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and what will you do if he just doesnt want to do IPO? sometimes, we see goals for our dogs and ourselves in one venue, and we try for that, but its always possible the calling for the dog isnt what we had in mind in the first place... just to keep in mind, its possible that IPO is not Grims calling, and maybe he would excel in something else.... i wanted my one dog to do fantastic at agility,i had all sorts of dreams of competing etc... we took agility classes twice a week, i practiced with her and practiced , at home , in the park, at class,..... one day a friend of mine was with me and her and while i was talking about our agility classes she asked if she could see us in action.. i was able to rent the local training facility (anyone can rent it there are 3 agility rings, one inside, 2 outside and you have access to sheep too for herding) and while we were at the facility doing our agility my friend when we were done said to me, maybe you should think about something else, she doesnt show the enthusiasm for the equipment , she is doing it for you, but she isnt showing that spark... it took a neutral person to open my eyes that my dog didnt like it,she was just doing it for me.... we did it a few more times to finish out the class, then we stopped .. even the trainer at the end said she wasnt having a good time, and for agility dogs having a good time was the key to them loving agility.. so we dabbled until we found what she loved to do... then that she did with gusto ....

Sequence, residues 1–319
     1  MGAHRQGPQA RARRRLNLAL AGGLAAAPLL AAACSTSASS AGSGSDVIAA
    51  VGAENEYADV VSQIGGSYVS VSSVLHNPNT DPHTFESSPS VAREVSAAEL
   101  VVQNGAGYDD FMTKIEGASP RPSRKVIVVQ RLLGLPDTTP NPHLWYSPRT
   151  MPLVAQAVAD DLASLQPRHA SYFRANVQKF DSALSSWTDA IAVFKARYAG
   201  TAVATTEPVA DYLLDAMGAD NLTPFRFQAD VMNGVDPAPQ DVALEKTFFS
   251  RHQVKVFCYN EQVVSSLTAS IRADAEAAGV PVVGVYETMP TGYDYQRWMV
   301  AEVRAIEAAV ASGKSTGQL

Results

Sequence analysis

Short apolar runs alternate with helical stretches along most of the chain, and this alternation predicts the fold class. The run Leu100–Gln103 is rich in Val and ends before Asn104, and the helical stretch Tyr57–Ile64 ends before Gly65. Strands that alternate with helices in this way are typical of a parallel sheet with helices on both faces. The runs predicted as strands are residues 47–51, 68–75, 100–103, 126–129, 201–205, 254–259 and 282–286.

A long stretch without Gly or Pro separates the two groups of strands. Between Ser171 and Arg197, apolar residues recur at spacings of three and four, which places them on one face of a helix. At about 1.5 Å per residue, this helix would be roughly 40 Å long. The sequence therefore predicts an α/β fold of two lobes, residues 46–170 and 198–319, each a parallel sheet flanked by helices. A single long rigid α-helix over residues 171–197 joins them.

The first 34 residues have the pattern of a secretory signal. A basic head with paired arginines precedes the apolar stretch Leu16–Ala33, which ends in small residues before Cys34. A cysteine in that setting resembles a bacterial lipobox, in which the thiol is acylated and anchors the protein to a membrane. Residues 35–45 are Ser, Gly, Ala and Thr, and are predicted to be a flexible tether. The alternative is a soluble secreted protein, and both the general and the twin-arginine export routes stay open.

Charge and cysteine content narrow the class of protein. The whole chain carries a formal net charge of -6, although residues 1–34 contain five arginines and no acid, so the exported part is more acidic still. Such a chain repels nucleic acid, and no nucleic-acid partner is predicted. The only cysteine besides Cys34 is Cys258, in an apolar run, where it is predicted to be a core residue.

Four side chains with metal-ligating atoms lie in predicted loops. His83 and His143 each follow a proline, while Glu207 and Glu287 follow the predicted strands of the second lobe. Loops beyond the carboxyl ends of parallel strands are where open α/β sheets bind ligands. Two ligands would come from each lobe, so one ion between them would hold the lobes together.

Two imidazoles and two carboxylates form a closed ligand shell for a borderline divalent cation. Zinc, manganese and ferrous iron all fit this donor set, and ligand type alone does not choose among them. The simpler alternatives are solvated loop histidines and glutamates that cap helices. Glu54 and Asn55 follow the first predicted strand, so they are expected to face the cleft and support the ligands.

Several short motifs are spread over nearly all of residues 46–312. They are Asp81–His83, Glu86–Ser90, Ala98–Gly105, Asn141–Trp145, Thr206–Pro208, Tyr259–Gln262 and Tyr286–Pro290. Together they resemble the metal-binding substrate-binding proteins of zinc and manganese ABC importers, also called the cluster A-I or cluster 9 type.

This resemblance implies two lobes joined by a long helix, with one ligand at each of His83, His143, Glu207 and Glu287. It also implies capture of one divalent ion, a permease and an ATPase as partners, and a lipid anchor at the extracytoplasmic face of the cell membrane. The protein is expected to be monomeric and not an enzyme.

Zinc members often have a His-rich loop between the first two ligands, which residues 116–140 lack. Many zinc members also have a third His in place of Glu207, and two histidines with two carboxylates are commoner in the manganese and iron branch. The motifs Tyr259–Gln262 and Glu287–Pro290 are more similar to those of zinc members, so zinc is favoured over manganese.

all i am saying after rambling is maybe Grim might not want to be an IPO dog, maybe his future with you is doing some other type of sport...
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Old 01-22-2013, 09:39 PM   #55 (permalink)
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are you going to a place in MI? Or more local? Maybe the guy(helper in training) can give you some tips as well as the instructor.
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Old 01-22-2013, 09:43 PM   #56 (permalink)